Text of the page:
Trio of gifts adds up to $40M for University of Denver
May 20, 2013, 1:07pm MDT UPDATED: May 20, 2013, 2:25pm MDT
By : L. Wayne Hicks
Social Media Engagement Officer / Digital Producer-
Denver Business Journal
Three donors have given the University of Denver a combined $40 million, with $27 million coming from former chancellor Daniel Ritchie.
The donations will allow DU to add an engineering and computer science building, which will house a new interdisciplinary Science, Technology, Engineering and Mathematics (STEM) initiative. The new building also will be home to the new Knoebel Center for the Study of Aging.
Ritchie's gift is the largest in the history of the university, and is in the form of a working avocado ranch he owns in Montecito, Calif. DU's chancellor from 1989 to 2005 and chairman of the board of trustees from 2007 to 2009, Ritchie transferred ownership of the ranch to the university.
In honor of Ritchie's father, the new building will be called the Daniel Felix Ritchie School of Engineering and Computer Science. The 110,000-square-foot building will be between the Newman Center for the Performing Arts and Olin Hall, on the south end of the campus.
The other donors to fund the new project are the estate of William Peterson, who graduated DU in 1969 with a degree in engineering; and Betty Knoebel, widow of Ferdinand "Fritz" Knoebel. DU's College of Business already is home to the Knoebel School of Hospitality Management.
The Knoebel Center for the Study of Aging will take up a floor in the new building.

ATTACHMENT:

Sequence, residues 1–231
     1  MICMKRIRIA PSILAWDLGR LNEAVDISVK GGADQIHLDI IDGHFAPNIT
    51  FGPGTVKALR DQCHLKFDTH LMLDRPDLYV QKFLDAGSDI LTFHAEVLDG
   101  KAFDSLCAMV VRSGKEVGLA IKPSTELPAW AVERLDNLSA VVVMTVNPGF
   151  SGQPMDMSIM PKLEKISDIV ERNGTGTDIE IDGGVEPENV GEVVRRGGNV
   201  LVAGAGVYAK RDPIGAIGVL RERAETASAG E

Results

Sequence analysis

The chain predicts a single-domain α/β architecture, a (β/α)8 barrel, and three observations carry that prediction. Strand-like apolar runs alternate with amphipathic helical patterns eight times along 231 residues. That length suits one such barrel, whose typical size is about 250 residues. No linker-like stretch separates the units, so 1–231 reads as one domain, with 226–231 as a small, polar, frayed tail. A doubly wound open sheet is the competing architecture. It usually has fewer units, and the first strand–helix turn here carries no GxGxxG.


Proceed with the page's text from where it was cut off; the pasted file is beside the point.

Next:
For the original article, please visit Denver Business Journal.
L. Wayne Hicks is Social Media Engagement Officer / Digital Producer of the Denver Business Journal, writes for the "Cultural Attache" blog, and compiles the daily "DBJ Morning Call" email. Phone: 303-803-9221.
University Announces Gifts To Fund New Engineering Building And STEM Initiative
By: Greg Glasgow
May 20, 2013
An architect's model shows the new Daniel Felix Ritchie School of Engineering and Computer Science between Olin Hall and the Newman Center for the Performing Arts.
Photo by: Wayne Armstrong, University of Denver
The largest financial gift in University of Denver history will go toward the construction of a new campus home for Engineering and Computer Science.
Chancellor Emeritus Daniel Ritchie has donated more than $27 million to build the Daniel Felix Ritchie School of Engineering and Computer Science, which will be named for his father. The 110,000-square-foot building on the south side of campus also will house the new Knoebel Center for the Study of Aging. It is slated to be completed in early 2015.
"We have wonderful faculty; we have wonderful students; what we don't have is wonderful facilities. That's the piece that's missing," Daniel Ritchie said at a May 20 press conference to announce the new building. "This will make a huge difference for the University, for the faculty and for our students."
The new building is part of a new interdisciplinary Science, Technology, Engineering and Mathematics (STEM) initiative at the University that will address societal needs of the 21st century and prepare globally competitive graduates for business and entrepreneurship. The Daniel Felix Ritchie School of Engineering and Computer Science will bring together multiple complementary STEM activities and research already taking place on campus.